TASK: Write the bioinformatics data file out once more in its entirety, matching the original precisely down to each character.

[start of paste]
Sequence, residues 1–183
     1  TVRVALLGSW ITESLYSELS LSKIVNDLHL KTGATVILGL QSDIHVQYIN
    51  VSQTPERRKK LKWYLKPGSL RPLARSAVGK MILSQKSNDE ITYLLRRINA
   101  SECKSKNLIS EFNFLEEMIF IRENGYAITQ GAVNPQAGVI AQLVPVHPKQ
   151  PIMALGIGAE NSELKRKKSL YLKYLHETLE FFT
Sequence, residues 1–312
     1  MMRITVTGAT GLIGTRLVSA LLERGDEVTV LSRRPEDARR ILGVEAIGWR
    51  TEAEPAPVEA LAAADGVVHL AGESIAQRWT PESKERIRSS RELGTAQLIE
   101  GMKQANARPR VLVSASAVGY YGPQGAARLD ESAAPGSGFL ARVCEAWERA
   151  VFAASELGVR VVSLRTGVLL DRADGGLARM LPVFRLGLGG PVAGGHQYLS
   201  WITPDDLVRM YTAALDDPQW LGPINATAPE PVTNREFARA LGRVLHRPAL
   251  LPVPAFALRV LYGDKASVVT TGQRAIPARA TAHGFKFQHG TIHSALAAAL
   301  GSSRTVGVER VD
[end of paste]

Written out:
Sequence, residues 1–183
     1  TVRVALLGSW ITESLYSELS LSKIVNDLHL KTGATVILGL QSDIHVQYIN
    51  VSQTPERRKK LKWYLKPGSL RPLARSAVGK MILSQKSNDE ITYLLRRINA
   101  SECKSKNLIS EFNFLEEMIF IRENGYAITQ GAVNPQAGVI AQLVPVHPKQ
   151  PIMALGIGAE NSELKRKKSL YLKYLHETLE FFT
Sequence, residues 1–312
     1  MMRITVTGAT GLIGTRLVSA LLERGDEVTV LSRRPEDARR ILGVEAIGWR
    51  TEAEPAPVEA LAAADGVVHL AGESIAQRWT PESKERIRSS RELGTAQLIE
   101  GMKQANARPR VLVSASAVGY YGPQGAARLD ESAAPGSGFL ARVCEAWERA
   151  VFAASELGVR VVSLRTGVLL DRADGGLARM LPVFRLGLGG PVAGGHQYLS
   201  WITPDDLVRM YTAALDDPQW LGPINATAPE PVTNREFARA LGRVLHRPAL
   251  LPVPAFALRV LYGDKASVVT TGQRAIPARA TAHGFKFQHG TIHSALAAAL
   301  GSSRTVGVER VD